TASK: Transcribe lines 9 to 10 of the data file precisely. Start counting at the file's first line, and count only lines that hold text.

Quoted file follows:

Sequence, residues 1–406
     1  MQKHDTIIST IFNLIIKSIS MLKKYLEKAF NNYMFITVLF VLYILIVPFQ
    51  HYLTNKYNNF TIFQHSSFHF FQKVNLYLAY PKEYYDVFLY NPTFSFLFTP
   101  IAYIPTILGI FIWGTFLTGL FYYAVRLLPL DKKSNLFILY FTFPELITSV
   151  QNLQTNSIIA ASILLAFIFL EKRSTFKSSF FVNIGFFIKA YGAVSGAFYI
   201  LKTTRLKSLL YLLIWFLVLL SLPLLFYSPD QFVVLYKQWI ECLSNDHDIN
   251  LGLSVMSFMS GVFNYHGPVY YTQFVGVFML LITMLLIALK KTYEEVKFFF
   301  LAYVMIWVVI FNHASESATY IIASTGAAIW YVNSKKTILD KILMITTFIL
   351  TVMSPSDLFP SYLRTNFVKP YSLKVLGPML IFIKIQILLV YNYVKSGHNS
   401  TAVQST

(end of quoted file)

   351  TVMSPSDLFP SYLRTNFVKP YSLKVLGPML IFIKIQILLV YNYVKSGHNS
   401  TAVQST